Although the late recovery faunas included more trophic levels than pre-extinction carbonate ramp habitats, development and progradation of the first Jurassic carbonate ramp still relied heavily on sponge, microbialite, and abiotic mineralization.

Saturday, 26 October 2019

MARINE REPTILES OF THE HUMBOLDTS

A very well preserved ichthyosaur block with three distinct vertebrae and some ribs just peeking out. You can see the edges of the ribs nicely outlined against the matrix.

Ichthyosaurs are an extinct order of marine reptiles from the Mesozoic era. They evolved from land-dwelling, lung-breathing reptiles, they returned to our ancient seas and evolved into the fish-shaped creatures we find in the fossil record today.

They were visibly dolphin-like in appearance but seem to share some other qualities as well. These lovelies were warm-blooded and used their coloration as camouflage. The smaller of their lineage to avoid being eaten and the larger to avoid being seen by prey. Ichthyosaurs also had insulating blubber, a lovely adaptation to keep them warm in cold seas.

Over time, their limbs fully transformed into flippers, sometimes containing a very large number of digits and phalanges. Their flippers tell us they were entirely aquatic as they were not well-designed for use on land. And it was their flippers that first gave us the clue that they gave birth to live young; a hypothesis later confirmed by fossil embryo and wee baby ichy specimens.

We find their fossil remains in outcrops spanning from the mid-Cretaceous to the earliest Triassic. As we look through the fossils, we see a slow evolution in body design moving towards that enjoyed by dolphins and tuna by the Upper Triassic, albeit with a narrower, more pointed snout. During the early Triassic period, ichthyosaurs evolved from a group of unidentified land reptiles that returned to the sea. They were particularly abundant in the later Triassic and early Jurassic periods before being replaced as a premier aquatic predator by another marine reptilian group, the Plesiosauria, in the later Jurassic and Cretaceous periods.

The block you see here is from Middle Triassic (Anisian/Ladinian) outcrops in the West Humboldt Mountains, Nevada.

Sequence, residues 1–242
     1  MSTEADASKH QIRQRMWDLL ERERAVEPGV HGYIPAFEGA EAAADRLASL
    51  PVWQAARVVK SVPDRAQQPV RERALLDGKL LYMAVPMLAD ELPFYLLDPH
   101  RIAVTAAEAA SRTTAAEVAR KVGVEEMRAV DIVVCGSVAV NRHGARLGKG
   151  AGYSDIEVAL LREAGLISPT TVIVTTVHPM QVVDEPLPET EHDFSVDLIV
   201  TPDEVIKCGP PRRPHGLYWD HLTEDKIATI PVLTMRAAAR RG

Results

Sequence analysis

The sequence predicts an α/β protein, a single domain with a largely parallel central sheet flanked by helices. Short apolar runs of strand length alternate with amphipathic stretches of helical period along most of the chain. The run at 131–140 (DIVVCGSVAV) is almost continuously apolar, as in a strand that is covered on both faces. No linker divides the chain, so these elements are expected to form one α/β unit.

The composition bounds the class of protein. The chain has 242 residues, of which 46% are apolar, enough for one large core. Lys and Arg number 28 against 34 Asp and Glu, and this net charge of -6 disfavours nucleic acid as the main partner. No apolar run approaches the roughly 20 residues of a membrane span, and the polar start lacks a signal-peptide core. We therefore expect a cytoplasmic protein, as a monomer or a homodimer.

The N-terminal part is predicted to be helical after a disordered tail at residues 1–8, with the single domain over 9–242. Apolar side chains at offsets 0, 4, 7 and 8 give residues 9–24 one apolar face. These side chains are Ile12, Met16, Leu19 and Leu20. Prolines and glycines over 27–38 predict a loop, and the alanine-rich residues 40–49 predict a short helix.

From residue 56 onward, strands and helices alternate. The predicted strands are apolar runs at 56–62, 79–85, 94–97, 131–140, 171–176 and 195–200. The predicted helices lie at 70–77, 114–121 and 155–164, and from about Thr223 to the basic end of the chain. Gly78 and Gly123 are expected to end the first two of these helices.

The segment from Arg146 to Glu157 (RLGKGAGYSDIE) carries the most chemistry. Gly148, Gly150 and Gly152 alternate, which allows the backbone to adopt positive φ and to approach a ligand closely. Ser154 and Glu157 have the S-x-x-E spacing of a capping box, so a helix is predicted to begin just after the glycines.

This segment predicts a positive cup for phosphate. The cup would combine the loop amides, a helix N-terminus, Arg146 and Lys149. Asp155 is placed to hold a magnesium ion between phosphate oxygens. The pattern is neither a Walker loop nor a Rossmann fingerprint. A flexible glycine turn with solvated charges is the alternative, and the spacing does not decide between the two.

Friday, 25 October 2019

SUNRISE FORMATION, NEVADA

At the entrance to the Pliensbachian-Toarcian localities at Joker Peak and Mina Peak Members of the Sunrise Formation, Nevada, USA.

The ammonites of this section were first studied by Dr. Paul Smith, past Chair of Earth and Ocean Sciences, University of British Columbia and more recently by Andrew Caruthers et al.

Caruthers and his team also took a goodly look at the Early Jurassic coral fauna. Caruthers is an interesting cat. He uses a combination of invertebrate paleontology and isotope geochemistry to ponder the effects of paleoclimate change and mass extinction. He's turned his eye in recent years to the Paleozoic of the Michigan Basin AND he's based in Kalamazoo, MI. Yep, Kalamazoo.

Others have taken up the mantle of discovery from these sites. Pengfei Hou did his 2014 Masters thesis comparing the Sinemurian (Early Jurassic) stratigraphic sections of Last Creek, British Columbia and Five Card Draw, Nevada including a detailed taxonomic study from the Involutum Zone to the lower part of the Harbledownense Zone of the Sinemurian.

Thursday, 24 October 2019

DUBIOUS DAONELLA DUBIA

Triassic ammonoids, West Humboldt Mountains, Nevada, USA. This was the site of the 1905 Expedition of the University of California’s Department of Geology in Berkeley funded by the beautiful and bold, Annie Alexander, the women to whom the UCMP owes both its collection and existence.

Paleontologist J.P. Smith joined that expedition and published on the marine fauna in the early 1900s. They formed the basis for his monograph on North American Middle Triassic marine invertebrate fauna published in 1914. N. J. Siberling from the US Geological Survey published on these outcrops in 1962. His work included nearly a dozen successive ammonite faunas, many of which were variants on previously described species. Evidently, his collections consisted mainly of weathered material and were made without stratigraphic control because he believed that most, if not all, of these species, were coexistent. The fossiliferous beds found here, as well as localities in north-western Nevada, were designated the 'Daonella dubia' zone. Dubious would be closer to the truth. We've since mapped them out from stratigraphic sections to place them in the correct order of their occurrence.